West Papua has special delicacies introduced as its unique culinary tourism. Its uniqueness is more than the distinctive characteristic and taste that make the dish different from those of other areas in Indonesia. This is more about authenticity: how food coherently represents the people, the culture, and life. That’s why you can’t be surprised to find that the dishes are closely related to the people and their livelihood in agriculture, fishery, and marine life.
Here is our list on unique culinary tourism in West Papua!
In agriculture, this province is fully potential with its sago production. Here are some products made of sago you can enjoy.
What is the iconic dish from West Papua? The answer is papeda. This food is made of sago flour and is served as sticky, white porridge. It is tasteless, so the local people add mackerel tuna with it. Papeda is the main dish of most people in Papua and Maluku. Despite its tastelessness, it is good for diet as it contains fiber, low cholesterol, and high nutrients.
Martabak in other areas is alternatively also called matabbak, muttabak, metabbak, or mutabbaq. Sago Martabak is a traditional snack from Fak-Fak Regency served for welcoming guests. Sago Martabak is commonly poured with brown sugar or palm sugar to highlight its finger-licking sweet-savory taste.
Sago Lempeng is similar to regular wet bread, but it is made of sago, not wheat. This snack is not only popular in Papua, but also in Maluku, Riau and Borneo. The local people usually bake it for daily consumption. Sago Lempeng is best enjoyed when it’s warm, freshly baked!
Sago Caterpillar Satay
This one is not made of sago, but we can say it’s quite a dish: Sago Caterpillar Satay! This extreme food might look peculiar, but it is traditional delicious food made by Papuan people from caterpillars taken from sago plants. It is baked and seasoned if necessary. Sago caterpillar is also good for health as it is full of protein and high nutrients.
Another star in West Papuan culinary tourism is taro. The local people process various dishes made of the tropical plant. Take a look at some of them.
The traditional food is for daily consumption here. Petatas, in the local language, means sweet potato. It normally substitutes rice as their main food and is processed to be various delicacies.
Just like its name, mashed taro is made of mashed taro plants. It is usually processed by boiling taro and mashing it. The mashed taro is mixed with grated coconut, salt, and sugar, and then served with grilled fish in family feasts, celebrations, parties, or other cultural festivals. The dish is good for diet as it contains high carbohydrate and low sugar.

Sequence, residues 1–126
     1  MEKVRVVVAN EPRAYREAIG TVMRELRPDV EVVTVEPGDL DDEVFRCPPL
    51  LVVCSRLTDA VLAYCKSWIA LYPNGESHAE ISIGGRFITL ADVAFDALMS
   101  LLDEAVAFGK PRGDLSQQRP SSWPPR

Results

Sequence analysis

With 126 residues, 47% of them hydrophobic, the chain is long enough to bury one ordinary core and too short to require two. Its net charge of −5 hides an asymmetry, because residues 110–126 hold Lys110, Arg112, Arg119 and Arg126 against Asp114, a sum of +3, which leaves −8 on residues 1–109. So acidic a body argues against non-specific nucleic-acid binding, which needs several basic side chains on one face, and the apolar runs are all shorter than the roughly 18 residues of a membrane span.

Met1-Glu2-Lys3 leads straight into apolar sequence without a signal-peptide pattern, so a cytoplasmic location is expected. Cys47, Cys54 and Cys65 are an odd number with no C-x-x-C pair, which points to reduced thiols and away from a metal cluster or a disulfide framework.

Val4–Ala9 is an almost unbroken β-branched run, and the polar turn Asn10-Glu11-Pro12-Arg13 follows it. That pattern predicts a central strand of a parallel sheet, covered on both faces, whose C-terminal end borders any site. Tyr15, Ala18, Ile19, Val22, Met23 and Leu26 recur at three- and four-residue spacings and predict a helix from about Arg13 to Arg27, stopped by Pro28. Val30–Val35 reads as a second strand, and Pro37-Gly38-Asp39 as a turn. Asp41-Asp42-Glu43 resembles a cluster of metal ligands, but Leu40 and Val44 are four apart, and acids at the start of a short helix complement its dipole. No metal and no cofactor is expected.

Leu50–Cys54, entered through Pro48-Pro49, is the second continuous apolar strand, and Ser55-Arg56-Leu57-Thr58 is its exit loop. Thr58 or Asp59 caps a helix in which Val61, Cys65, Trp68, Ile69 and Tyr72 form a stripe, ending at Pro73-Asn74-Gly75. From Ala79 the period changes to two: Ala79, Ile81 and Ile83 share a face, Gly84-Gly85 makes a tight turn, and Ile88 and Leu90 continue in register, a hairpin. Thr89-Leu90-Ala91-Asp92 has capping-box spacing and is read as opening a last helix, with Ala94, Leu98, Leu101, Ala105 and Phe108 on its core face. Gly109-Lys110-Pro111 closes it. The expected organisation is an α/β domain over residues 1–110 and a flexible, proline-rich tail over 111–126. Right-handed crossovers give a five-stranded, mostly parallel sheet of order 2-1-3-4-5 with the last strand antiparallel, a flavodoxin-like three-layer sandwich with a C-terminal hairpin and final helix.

Taro chips are perfect for snacks and souvenirs. It generally offers three variants: spicy, sweet, and savory. The typical snack from the province can be effortlessly found in many stores in Sorong City.
Many people in West Papua live in coastal areas, and it influences their food. Here are some fish dishes you must try.
Aunu senebre is a combination of rice and anchovies. Although the way and ingredients to make it are quite simple and easy to find, it is one good, unique dish to try. You can easily find aunu senebre in many restaurants near the sea.
Fish in Taro Leaf
What makes it different from other leaf-covered grilled fish in other areas is that it is covered with taro leaf, not coconut leaf. The fish used must freshly come from the sea, not from freshwater. The fish is seasoned with special spices and salt to loom the authentic taste of the fish and neutralize the taro leaf sap. It is grilled in small flame to make it well-cooked.
Colo-Colo Grilled Fish
Colo-Colo grilled fish is found in many areas in Papua, especially in Timika. Kamoro tribe living by the sea is familiar to the dish. Sea fish topped with Colo-Colo condiment made of chilli, lime and other spices makes a yummy dish to enjoy.
Seafood is Good
Another marine delicacy is not only from fish but also from shrimp. Here it is!
When visiting West Papua, selingkuh shrimp is a must to try. It is a typical dish from this province, especially in Wamena. The species is usually found in Baliem River. It is called ‘selingkuh’ or having an affair because the shrimp claws are as big as crab claws, so the local people believe that it first used to come from an affair between a shrimp and crab. It is usually served from fried and boiled version, but both would give you lingering, unforgettable taste.
Those are some exceptional traditional dishes in culinary tourism in West Papua. Come and have a try!
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